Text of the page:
Quantum mechanics is a field infamous for its highly abstract, anti-intuitive and downright bizarre conclusions. Some of its conclusions are so peculiar, in fact, that many scientists admit that our understanding of the field is mostly a matter of interpretation.
Of course, this makes teaching quantum theory to the layperson a rather onerous task. But now there's something that might help, and it comes in the unlikely form of one of the most popular video game franchises of all-time: Super Mario Brothers.
What can Mario and Luigi teach us about quantum mechanics, you ask? Well, as explained in Discover Magazine, back in 2007 a Japanese youth hacked a version of Nintendo's Super Mario World, creating one of the world's first ultra-hard (i.e., near impossible) Super Mario hacks to go viral. Called "Kaizo Mario World," the hacked version of the classic game is filled with seemingly impracticable obstacles. Invisible blocks appear in inconvenient spots to impede jumps, time limits are shortened, and enemies are numerous and intractably placed.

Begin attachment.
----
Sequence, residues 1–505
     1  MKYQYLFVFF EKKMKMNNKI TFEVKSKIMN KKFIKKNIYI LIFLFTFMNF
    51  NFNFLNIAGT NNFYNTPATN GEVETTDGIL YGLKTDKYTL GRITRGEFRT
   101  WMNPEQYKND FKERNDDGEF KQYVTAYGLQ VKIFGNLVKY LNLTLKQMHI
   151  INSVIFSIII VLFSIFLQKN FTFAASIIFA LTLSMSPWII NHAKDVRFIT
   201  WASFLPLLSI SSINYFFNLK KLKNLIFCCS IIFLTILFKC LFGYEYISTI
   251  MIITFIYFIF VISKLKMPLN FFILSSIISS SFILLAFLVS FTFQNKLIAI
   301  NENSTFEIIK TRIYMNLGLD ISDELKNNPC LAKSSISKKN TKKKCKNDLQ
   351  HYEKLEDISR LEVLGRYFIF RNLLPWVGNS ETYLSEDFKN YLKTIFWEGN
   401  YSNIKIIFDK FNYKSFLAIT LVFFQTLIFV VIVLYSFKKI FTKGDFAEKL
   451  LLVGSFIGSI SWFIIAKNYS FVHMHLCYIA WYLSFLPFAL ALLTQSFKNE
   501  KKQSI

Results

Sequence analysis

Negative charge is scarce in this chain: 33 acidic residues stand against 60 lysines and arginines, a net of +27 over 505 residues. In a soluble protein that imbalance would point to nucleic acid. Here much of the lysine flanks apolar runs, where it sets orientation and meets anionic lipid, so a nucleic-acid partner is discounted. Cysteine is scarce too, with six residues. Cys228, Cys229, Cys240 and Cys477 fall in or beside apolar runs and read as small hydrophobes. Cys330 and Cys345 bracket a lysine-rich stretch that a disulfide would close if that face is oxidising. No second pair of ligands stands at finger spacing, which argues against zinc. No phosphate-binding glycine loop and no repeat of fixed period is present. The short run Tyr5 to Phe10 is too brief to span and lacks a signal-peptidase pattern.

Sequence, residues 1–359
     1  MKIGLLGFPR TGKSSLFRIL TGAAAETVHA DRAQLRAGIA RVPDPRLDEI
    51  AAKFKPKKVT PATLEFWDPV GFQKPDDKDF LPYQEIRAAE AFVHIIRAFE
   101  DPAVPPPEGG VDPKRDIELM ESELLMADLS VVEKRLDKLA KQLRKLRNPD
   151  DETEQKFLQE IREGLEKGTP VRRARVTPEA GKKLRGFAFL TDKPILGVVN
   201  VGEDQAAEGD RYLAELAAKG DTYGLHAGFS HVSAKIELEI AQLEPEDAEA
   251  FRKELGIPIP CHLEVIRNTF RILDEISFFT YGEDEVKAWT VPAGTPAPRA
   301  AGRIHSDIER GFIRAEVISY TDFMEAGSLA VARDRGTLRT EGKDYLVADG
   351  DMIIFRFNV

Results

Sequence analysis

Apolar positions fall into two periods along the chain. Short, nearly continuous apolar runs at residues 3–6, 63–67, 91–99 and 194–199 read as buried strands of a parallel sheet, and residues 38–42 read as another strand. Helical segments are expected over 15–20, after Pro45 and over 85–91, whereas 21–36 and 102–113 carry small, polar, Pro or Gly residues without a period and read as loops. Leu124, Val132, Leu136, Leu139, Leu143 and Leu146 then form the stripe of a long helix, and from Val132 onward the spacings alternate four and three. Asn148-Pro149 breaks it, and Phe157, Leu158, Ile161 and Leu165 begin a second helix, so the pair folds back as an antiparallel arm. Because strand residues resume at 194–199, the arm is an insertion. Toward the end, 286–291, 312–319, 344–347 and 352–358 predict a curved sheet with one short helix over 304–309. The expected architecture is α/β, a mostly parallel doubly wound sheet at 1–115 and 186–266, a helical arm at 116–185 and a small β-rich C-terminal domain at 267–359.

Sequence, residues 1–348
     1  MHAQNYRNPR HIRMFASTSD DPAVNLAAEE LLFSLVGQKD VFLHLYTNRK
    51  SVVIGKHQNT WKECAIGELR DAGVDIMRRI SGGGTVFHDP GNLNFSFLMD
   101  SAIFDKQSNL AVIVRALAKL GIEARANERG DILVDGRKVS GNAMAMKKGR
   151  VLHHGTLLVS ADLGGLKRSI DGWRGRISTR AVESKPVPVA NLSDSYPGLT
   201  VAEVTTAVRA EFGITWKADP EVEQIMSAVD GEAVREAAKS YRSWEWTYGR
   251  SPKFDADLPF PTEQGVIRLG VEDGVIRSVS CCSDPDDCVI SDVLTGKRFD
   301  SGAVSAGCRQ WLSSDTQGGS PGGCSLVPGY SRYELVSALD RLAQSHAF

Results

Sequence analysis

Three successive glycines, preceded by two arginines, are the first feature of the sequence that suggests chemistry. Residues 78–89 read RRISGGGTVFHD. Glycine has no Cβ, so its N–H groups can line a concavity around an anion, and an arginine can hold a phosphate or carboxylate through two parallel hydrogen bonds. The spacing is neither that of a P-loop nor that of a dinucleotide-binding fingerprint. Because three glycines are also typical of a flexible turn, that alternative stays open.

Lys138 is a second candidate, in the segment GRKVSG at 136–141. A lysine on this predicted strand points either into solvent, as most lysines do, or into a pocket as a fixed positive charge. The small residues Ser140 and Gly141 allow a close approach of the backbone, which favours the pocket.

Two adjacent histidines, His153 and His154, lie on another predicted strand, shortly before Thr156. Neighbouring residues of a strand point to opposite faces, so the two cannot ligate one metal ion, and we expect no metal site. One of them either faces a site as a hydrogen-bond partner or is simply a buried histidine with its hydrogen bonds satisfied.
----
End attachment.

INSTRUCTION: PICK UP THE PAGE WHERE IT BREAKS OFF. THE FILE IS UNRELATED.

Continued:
Naturally, gamers everywhere took up the challenge. Against the odds, they figured out how to beat the levels — eventually. But it took a great deal of trial and error, and a lot of Mario lives.
This process gave one quantum-minded gamer an idea: maybe playing out the countless lives it took to beat Kaizo Mario World could be a way of actualizing the many-worlds interpretation of quantum mechanics. This idea gave birth to the following video. It features 134 superimposed playthroughs of Kaizo Mario World, Level 1 (only two attempts actually make it to the end of the level):
The many-worlds interpretation of quantum mechanics asserts the objective reality of the universal wavefunction, denying the actuality of wavefunction collapse. In layman's terms, that basically means it implies the actual existence of all possible worlds. Basically, if the many-worlds interpretation is correct, then it means that everything that could have happened really did happen — albeit in some parallel, but very real universe. It's an attempt to explain how the probabilistic weirdness of quantum mechanics manages to resolve itself into the one-historied world of our actual experience — a world with, seemingly, only one possible outcome.
In terms of the superimposed video game, Mario's path through the level has many (mostly perilous) routes. Watching the video is like watching the many-worlds of Kaizo Mario World play out. Sure, only two of them make it to the end of the level, but that's similar to real life. Perhaps your experiences, too, are simply one possible way your life has played out. Perhaps somewhere, in some other parallel reality, all of your other possible lives have also played out.
You just have to hope, for the sake of your many-worlds self, that the real world has better odds of survival than Kaizo Mario World does.